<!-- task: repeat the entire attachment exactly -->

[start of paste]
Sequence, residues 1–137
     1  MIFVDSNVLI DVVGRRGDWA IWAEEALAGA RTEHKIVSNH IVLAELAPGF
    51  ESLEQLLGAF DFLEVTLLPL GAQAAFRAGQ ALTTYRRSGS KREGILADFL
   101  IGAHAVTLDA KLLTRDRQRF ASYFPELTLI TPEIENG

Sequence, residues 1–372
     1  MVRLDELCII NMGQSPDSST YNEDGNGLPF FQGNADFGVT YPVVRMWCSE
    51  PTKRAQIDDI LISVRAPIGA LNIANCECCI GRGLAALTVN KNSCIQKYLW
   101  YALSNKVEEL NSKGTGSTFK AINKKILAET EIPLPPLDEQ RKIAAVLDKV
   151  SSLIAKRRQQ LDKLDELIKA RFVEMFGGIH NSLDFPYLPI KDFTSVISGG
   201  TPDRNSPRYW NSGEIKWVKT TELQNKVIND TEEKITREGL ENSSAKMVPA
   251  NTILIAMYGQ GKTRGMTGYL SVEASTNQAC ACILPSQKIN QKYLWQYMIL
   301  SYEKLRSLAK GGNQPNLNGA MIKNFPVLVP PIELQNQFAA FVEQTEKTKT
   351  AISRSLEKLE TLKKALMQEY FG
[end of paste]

Sequence, residues 1–137
     1  MIFVDSNVLI DVVGRRGDWA IWAEEALAGA RTEHKIVSNH IVLAELAPGF
    51  ESLEQLLGAF DFLEVTLLPL GAQAAFRAGQ ALTTYRRSGS KREGILADFL
   101  IGAHAVTLDA KLLTRDRQRF ASYFPELTLI TPEIENG

Sequence, residues 1–372
     1  MVRLDELCII NMGQSPDSST YNEDGNGLPF FQGNADFGVT YPVVRMWCSE
    51  PTKRAQIDDI LISVRAPIGA LNIANCECCI GRGLAALTVN KNSCIQKYLW
   101  YALSNKVEEL NSKGTGSTFK AINKKILAET EIPLPPLDEQ RKIAAVLDKV
   151  SSLIAKRRQQ LDKLDELIKA RFVEMFGGIH NSLDFPYLPI KDFTSVISGG
   201  TPDRNSPRYW NSGEIKWVKT TELQNKVIND TEEKITREGL ENSSAKMVPA
   251  NTILIAMYGQ GKTRGMTGYL SVEASTNQAC ACILPSQKIN QKYLWQYMIL
   301  SYEKLRSLAK GGNQPNLNGA MIKNFPVLVP PIELQNQFAA FVEQTEKTKT
   351  AISRSLEKLE TLKKALMQEY FG